Cambridge Healthtech Institute ’s 5th Annual

Cell Therapy Manufacturing

Commercializing Cell-Based Therapies

August 15-16, 2018

The recent approvals of CAR T therapies Yescarta and Kymiriah represent a major breakthrough for the cell therapy industry. But how will we manufacture these products at scale? And what platforms, technologies and cell processes can we expect to see in the future? Do the answers lie in traditional biomanufacturing methods or custom made processes?

CHI’s Cell Therapy Manufacturing meeting takes an in-depth look at the practical challenges of manufacturing autologous and allogenic cell therapies at scale, with dedicated sessions on cell processing, scalability, bioreactors, next-generation production technologies, automation, closed systems, supply chain and facility design. The meeting will feature extensive sessions on CAR-Ts, NK cells, TCRs and manufacturing CRISPR-based CAR Ts at scale.   

Final Agenda

Wednesday, August 15

7:00 am Registration Open and Morning Coffee (Grand Ballroom Foyer)

Back Bay C

8:05 Chairperson’s Remarks

Anthony Davies PhD, Founder & CEO, Dark Horse Consulting

8:15 KEYNOTE PRESENTATION: Manufacturing for Cell Therapies: Modeling the Decision on Make vs. Buy

Knut_NissKnut Niss, PhD, CTO, Mustang Bio

Autologous cell therapies require intensive manufacturing resources and while establishing a new manufacturing facility can be costly, it is critical to compare these costs to the ones required to manufacture at a CMO. In this respect, establishing a comprehensive model that looks at all aspects can serve as a critical tool to make this decision. This presentation will go through the modeling process with a look at several different cell therapy platforms.

9:00 Manufacturing Complex Therapies - In-House, Outside or a Mix?

Devyn_SmithDevyn Smith, PhD, Chief Strategy Officer, Strategy & Ops, Sigilon

Making a decision on where and how to manufacture a therapy is one of the most important decisions a company will make. The decision has impact on both scientific and clinical strategies, as well as fundraising/capital strategies. Criteria for considering how to make the most informed decision will be reviewed with case studies.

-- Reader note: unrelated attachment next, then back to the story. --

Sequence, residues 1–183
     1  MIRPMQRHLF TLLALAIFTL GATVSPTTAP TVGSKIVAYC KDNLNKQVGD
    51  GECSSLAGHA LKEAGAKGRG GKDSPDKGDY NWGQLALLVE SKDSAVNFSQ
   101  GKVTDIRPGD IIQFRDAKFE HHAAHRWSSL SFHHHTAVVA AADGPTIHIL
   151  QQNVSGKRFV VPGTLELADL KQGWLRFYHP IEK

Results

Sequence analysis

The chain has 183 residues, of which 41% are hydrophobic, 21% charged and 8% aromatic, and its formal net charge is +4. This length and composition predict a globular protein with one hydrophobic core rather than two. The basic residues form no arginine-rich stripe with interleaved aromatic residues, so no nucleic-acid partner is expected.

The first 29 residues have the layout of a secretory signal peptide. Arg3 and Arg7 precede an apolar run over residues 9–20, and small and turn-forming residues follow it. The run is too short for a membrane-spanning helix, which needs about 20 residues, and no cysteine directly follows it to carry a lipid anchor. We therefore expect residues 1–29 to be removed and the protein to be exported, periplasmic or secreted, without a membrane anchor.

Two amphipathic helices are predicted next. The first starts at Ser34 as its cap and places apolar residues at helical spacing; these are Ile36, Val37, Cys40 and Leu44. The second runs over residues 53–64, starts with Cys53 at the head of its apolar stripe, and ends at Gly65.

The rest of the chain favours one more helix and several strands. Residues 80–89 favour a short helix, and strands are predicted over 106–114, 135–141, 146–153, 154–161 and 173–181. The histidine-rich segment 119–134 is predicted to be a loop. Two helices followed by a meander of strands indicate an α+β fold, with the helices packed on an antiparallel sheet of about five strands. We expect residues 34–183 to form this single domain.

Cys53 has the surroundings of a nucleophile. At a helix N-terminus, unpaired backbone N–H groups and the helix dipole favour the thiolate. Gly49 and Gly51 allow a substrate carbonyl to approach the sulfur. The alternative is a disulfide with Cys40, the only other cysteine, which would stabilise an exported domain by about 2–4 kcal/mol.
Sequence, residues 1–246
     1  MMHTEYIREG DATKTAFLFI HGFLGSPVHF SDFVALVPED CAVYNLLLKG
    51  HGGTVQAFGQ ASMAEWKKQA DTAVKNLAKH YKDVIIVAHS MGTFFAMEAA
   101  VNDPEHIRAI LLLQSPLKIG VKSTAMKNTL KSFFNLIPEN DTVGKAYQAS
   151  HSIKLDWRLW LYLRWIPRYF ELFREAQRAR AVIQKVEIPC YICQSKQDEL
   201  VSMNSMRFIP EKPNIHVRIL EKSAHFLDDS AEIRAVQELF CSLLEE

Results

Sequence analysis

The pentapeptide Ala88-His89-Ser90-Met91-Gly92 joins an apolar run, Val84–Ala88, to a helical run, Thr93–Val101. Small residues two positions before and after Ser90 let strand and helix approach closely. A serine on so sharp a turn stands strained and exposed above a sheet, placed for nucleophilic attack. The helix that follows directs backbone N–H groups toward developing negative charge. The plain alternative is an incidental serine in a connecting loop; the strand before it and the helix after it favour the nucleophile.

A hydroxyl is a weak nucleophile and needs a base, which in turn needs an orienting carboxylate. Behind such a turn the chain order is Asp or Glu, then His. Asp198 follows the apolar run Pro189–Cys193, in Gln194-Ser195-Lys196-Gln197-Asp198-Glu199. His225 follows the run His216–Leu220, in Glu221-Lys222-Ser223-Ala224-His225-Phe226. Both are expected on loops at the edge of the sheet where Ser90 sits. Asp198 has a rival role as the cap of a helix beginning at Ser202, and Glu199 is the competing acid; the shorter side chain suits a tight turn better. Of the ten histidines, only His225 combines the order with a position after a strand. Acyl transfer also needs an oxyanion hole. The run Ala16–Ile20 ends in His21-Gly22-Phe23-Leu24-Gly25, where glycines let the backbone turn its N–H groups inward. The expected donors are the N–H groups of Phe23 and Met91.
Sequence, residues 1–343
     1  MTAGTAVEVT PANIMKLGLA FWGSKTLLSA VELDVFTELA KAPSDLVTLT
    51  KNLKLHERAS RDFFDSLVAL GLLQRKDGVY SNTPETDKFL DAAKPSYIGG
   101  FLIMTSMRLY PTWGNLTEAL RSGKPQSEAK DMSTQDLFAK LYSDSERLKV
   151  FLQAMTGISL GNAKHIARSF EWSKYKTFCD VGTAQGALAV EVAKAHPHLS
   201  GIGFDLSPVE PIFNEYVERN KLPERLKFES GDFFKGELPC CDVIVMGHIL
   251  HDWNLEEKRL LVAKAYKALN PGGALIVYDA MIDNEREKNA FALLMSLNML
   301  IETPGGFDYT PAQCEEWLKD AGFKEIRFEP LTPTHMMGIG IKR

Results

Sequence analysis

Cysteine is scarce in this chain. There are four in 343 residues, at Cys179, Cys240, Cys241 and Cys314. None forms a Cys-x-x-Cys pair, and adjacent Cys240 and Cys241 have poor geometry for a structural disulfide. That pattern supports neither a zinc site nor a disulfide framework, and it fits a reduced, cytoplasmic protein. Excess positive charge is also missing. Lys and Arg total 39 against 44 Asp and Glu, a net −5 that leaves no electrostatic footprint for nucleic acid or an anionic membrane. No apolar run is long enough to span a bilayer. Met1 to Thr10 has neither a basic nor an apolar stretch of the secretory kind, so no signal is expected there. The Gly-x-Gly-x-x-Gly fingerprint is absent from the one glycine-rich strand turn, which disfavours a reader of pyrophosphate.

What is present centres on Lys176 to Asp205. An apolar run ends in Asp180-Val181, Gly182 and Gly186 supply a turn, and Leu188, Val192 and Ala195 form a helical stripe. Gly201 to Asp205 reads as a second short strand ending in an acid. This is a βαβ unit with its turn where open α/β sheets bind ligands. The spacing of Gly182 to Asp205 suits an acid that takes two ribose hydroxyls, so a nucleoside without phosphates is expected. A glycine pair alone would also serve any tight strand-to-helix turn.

9:30 NEW: Will the Cost of Commercial Manufacturing Kill Cell & Gene Therapy?

Anthony Davies PhD, Founder & CEO, Dark Horse Consulting

10:00 Coffee Break in the Exhibit Hall with Poster Viewing (Grand Ballroom)

Back Bay C

10:45 Scalability Challenges with Molecular Switch Technologies for CAR T

Alan_SmithAlan Smith, PhD, Executive Vice President, Technical Operations, Bellicum

Successful manufacture of a patient-specific CAR-T cell product is multifaceted and complex. Areas which need to be successfully managed and solved include logistics from the starting cell collection through product delivery, vendor qualification and management and consistent sourcing of appropriate materials and equipment. Process reliability and product consistency are also challenges due to differences in patient age, genetics and disease treatments which vary substantially across the patient population.

11:15 Development of the Manufacturing Process of CAR T Cell Therapies

Przemyslaw_KruzzekPrzemyslaw Kruczek, PhD, Senior Scientist, Autolus

11:45 Cell Counting Method Development Process for CAR T Cell Manufacturing

Leo Chan, Manager, Technology Research & Development, Nexcelom Bioscience, LLC

Cell counting is highly important for all stages of cellular therapy development. The need for an accurate and consistent cell counting method is crucial for manufacturing under GMP/GLP conditions. Utilizing both bright field and fluorescence imaging, Cellometer automated cell counters can provide rapid and accurate measurement of cell concentration and viability at any stage: from CAR T product development to manufacturing.

Keith_OlsonKeith R. Olson, PhD, Global Director, Business Operations, Life Sciences, Corning Incorporated

Optimal cell culture conditions are critical to manufacture the highest quality cell therapy products. As a leader in cell culture, Corning offers complete and customizable cell culture environments suited for anchorage-dependent or suspension cells that are easily optimized to generate the highest quality cellular products. In this presentation, we will discuss the importance of building an optimal culture environment using various Corning platforms to suit your stage of cell therapy research. We will present Corning’s customizable vessels and media for cell therapy applications, as well as advanced cell culture surfaces, including synthetic and biological surfaces and extracellular matrices. In addition, we will feature Corning’s Dissolvable Microcarrier technology for scalable expansion of anchorage-dependent cells and discuss how it can simplify your cell harvest and separation processes.